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Voter fraud or clerical error? One Missoula County ballot questioned in congressional election

Missoula County rejected 91 absentee ballots because of signature issues in the May 25 special congressional election. (Martin Kidston/Missoula Current)

Missoula County attorneys and election officials traded jabs with Secretary of State Corey Stapleton Friday over whether a rejected ballot in the May 25 congressional election constituted voter fraud or a clerical error.

Stapleton started the exchange with a news release contending that “mail ballot voter fraud occurred in Missoula County during the congressional special election. The case involved signature forgery on a mail-in ballot.”

He did not provide details of the incident, but he did chide Missoula officials.

“We’ve had mail ballot security issues in Missoula now for two consecutive election cycles,” Stapleton said. “Our office takes this matter seriously.”

Missoula County was quick to respond, initially with a two-part statement on Twitter: “In response to MT SOS: Our office is 100% transparent and detailed the clerical error to County Canvass Board and SOS. 1/2”

Then: “Issue is not viewed as voter fraud, but as a clerical error. Elections are held to a high standard, and we work hard to keep it high. 2/2”

Shortly thereafter, Chief Deputy County Attorney Jason Marks issued a statement explaining what happened and how the incident is being handled, as well as responding to Stapleton’s dig at the Missoula election office.

“Missoula County takes allegations of voter fraud very seriously,” Marks said. “However, Secretary of State Corey Stapleton’s implication that there are pervasive ballot security issues in Missoula County is misleading.”

Marks said that 47,159 ballots were cast in Missoula County during the May congressional election. “To the best of Missoula County’s knowledge,” he added, “there was only one report of a voting irregularity involving a single absentee ballot.”

In that case, a woman called the election office and said that, although records showed she had cast an absentee ballot, she had not voted.

The signature on the suspect ballot was not that of the woman, although it was similar. The woman told election officials that she lives in an apartment building and that the mail is sometimes delivered to the wrong box.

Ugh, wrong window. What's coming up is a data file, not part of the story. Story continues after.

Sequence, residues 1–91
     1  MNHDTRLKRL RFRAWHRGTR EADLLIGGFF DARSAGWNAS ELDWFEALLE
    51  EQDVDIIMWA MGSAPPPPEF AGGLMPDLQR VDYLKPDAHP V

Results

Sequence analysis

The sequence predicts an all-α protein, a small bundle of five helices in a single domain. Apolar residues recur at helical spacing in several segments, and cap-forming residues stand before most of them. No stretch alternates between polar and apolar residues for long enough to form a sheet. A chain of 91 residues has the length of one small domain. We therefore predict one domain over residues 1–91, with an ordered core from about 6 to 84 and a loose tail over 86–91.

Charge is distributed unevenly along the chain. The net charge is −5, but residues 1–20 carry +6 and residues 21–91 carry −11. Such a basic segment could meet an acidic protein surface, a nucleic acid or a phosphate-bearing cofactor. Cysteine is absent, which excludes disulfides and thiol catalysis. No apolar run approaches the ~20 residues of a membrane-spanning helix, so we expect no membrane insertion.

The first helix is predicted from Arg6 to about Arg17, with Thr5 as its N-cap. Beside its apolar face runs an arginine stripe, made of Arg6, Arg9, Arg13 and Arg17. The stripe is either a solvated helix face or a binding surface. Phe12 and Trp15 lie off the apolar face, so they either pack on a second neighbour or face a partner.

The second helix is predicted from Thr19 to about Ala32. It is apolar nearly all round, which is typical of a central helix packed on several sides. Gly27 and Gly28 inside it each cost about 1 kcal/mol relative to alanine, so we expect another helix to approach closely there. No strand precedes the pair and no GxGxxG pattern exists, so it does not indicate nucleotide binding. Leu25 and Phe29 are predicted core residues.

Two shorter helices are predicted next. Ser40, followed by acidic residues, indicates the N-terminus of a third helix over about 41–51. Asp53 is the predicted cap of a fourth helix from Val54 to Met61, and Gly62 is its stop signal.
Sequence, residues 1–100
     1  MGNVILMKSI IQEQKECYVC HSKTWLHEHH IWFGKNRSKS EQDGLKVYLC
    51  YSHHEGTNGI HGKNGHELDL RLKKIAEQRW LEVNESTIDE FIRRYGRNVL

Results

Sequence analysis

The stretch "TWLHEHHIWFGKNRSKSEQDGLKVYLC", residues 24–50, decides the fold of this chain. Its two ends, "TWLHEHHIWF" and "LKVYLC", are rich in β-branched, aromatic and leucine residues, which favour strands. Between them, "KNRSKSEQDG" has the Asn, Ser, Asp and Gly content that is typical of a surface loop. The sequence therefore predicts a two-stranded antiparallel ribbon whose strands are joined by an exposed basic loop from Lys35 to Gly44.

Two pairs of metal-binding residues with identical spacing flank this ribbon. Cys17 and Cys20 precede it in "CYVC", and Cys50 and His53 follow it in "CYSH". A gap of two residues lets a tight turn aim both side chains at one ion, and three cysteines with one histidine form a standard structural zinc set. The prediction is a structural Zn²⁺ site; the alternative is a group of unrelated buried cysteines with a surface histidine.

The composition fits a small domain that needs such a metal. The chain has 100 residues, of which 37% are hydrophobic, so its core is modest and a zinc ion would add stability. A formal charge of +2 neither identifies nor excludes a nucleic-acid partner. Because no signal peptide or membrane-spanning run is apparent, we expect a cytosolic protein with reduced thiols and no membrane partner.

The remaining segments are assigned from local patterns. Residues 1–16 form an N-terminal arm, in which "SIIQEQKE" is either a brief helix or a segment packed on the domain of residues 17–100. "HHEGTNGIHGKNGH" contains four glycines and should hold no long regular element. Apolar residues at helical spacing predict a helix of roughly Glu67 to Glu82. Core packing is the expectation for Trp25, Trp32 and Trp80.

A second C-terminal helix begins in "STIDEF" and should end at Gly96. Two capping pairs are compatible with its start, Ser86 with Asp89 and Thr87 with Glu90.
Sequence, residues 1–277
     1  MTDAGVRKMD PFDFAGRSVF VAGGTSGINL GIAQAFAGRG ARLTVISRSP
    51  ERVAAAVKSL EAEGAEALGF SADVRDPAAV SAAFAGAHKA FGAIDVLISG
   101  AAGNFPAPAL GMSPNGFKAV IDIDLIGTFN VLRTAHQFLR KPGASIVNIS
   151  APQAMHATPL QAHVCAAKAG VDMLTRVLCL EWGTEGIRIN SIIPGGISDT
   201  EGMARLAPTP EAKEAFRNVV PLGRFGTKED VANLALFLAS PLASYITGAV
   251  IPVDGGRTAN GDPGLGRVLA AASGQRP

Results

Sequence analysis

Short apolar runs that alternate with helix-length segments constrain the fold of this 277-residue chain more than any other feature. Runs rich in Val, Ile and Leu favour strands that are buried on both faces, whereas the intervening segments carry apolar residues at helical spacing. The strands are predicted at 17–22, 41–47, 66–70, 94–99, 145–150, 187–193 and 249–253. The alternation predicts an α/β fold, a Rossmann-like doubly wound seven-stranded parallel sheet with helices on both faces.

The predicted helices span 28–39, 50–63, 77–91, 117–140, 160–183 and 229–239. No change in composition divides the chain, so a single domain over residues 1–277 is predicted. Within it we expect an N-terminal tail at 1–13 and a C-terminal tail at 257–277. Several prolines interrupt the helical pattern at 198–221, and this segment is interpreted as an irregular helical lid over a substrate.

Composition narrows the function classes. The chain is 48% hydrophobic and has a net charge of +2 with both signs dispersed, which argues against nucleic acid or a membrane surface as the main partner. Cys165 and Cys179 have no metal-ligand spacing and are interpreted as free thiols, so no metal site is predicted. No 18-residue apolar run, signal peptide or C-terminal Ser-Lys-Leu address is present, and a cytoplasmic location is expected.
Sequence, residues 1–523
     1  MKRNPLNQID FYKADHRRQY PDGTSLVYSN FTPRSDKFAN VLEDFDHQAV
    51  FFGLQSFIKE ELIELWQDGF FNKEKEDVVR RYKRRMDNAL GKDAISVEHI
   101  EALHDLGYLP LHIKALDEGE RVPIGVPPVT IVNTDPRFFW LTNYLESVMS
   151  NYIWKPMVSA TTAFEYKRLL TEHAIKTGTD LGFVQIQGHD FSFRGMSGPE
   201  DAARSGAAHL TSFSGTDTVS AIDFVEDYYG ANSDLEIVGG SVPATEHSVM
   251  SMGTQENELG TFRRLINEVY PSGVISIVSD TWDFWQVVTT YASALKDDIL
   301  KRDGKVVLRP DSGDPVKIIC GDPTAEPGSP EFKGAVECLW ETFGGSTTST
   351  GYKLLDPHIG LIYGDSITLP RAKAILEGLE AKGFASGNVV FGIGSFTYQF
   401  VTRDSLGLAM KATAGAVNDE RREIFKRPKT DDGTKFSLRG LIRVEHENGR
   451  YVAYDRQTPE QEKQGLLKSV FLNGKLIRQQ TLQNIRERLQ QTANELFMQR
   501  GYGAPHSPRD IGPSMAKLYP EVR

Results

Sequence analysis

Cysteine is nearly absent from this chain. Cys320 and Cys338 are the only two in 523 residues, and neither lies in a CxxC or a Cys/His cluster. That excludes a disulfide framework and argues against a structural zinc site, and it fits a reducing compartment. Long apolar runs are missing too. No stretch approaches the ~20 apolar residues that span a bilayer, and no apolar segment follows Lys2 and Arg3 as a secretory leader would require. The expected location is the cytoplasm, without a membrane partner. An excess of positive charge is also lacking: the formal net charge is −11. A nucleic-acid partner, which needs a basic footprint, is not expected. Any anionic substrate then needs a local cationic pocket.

The ballot was rejected.

“The Montana Secretary of State’s Office is deeming voter fraud occurred in Missoula County,” election officials said in a post Friday on the county’s Missoula Votes Facebook page. “We see the incident as a clerical error by accepting an absentee ballot with a signature that did not match the record of the voter’s. We reject many signatures each election to ‘signature mis-matches,’ but we missed this one. When humans are involved in any process, it subjects the process to human error.”

In all, Missoula County election officials rejected 91 absentee ballots received for the May 25 election because of signature issues, the election office reported. Those ballots were never counted toward the vote total, and were not considered fraudulent.

As soon as the woman in the single instance reported the matter to local election officials, they began an investigation and notified the Secretary of State, Marks said in his statement.

“To suggest that there are serious ballot security issues based upon an isolated incident is simply inaccurate and a disservice to the public,” Marks said.

The Missoula County Sheriff’s Office will investigate the incident.

“Violations of election laws are a misdemeanor criminal offense,” Marks added. “The Missoula County Attorney’s Office stands ready to prosecute any instances of voter fraud if a suspect is identified through a criminal investigation.”

As for Stapleton’s assertion that Missoula County had a similar ballot issue in the last election – which would have been last November’s general election, Marks said that did not occur.

“Since County Attorney (Kirsten) Pabst has been in office, our office has received only one other report of possible voter fraud, in May of 2016, once again involving a single ballot,” Marks said.

The sheriff’s office investigated that incident as well, but a suspect was never identified.

Stapleton and other Montana Republican Party leaders oppose the use of mail-in ballots because they believe the practice encourages voter fraud. GOP legislators scuttled an attempt to have May’s special congressional election conducted via mail-in ballots, over the objections of most county election officials.

Missoula County election officials were adamant in defending their processes after Stapleton’s attack on Friday.

“This will not deter us from continuing to conduct elections in Missoula County with such a high standard,” the Missoula Votes web post said. “Ballot security and process are paramount to conducting sound elections, and we will continue to strengthen and uphold elections in Missoula County.”

Added County Attorney Kirsten Pabst, in a comment on the Facebook post: “One stolen ballot does not ‘pervasive voter fraud’ make. We are so proud of the work of our elections office, which sets the standard.”